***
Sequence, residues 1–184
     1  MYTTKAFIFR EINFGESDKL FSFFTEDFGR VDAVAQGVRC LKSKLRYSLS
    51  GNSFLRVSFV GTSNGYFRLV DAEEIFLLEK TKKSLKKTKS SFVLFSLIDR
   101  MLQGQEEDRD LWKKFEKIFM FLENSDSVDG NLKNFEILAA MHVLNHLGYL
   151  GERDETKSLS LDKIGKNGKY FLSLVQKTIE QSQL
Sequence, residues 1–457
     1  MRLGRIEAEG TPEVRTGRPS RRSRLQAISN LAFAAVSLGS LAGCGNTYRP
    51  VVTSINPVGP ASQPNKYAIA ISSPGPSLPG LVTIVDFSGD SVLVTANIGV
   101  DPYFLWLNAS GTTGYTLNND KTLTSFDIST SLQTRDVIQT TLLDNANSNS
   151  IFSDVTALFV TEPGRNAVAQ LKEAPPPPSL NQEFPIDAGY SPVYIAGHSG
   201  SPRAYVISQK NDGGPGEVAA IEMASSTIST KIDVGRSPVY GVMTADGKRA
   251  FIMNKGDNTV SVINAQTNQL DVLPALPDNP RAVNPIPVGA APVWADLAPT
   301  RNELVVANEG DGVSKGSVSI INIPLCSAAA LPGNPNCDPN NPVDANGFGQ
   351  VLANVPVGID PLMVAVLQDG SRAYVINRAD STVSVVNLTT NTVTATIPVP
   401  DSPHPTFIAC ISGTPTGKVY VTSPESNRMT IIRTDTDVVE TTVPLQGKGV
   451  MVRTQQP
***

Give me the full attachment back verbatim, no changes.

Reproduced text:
Sequence, residues 1–184
     1  MYTTKAFIFR EINFGESDKL FSFFTEDFGR VDAVAQGVRC LKSKLRYSLS
    51  GNSFLRVSFV GTSNGYFRLV DAEEIFLLEK TKKSLKKTKS SFVLFSLIDR
   101  MLQGQEEDRD LWKKFEKIFM FLENSDSVDG NLKNFEILAA MHVLNHLGYL
   151  GERDETKSLS LDKIGKNGKY FLSLVQKTIE QSQL
Sequence, residues 1–457
     1  MRLGRIEAEG TPEVRTGRPS RRSRLQAISN LAFAAVSLGS LAGCGNTYRP
    51  VVTSINPVGP ASQPNKYAIA ISSPGPSLPG LVTIVDFSGD SVLVTANIGV
   101  DPYFLWLNAS GTTGYTLNND KTLTSFDIST SLQTRDVIQT TLLDNANSNS
   151  IFSDVTALFV TEPGRNAVAQ LKEAPPPPSL NQEFPIDAGY SPVYIAGHSG
   201  SPRAYVISQK NDGGPGEVAA IEMASSTIST KIDVGRSPVY GVMTADGKRA
   251  FIMNKGDNTV SVINAQTNQL DVLPALPDNP RAVNPIPVGA APVWADLAPT
   301  RNELVVANEG DGVSKGSVSI INIPLCSAAA LPGNPNCDPN NPVDANGFGQ
   351  VLANVPVGID PLMVAVLQDG SRAYVINRAD STVSVVNLTT NTVTATIPVP
   401  DSPHPTFIAC ISGTPTGKVY VTSPESNRMT IIRTDTDVVE TTVPLQGKGV
   451  MVRTQQP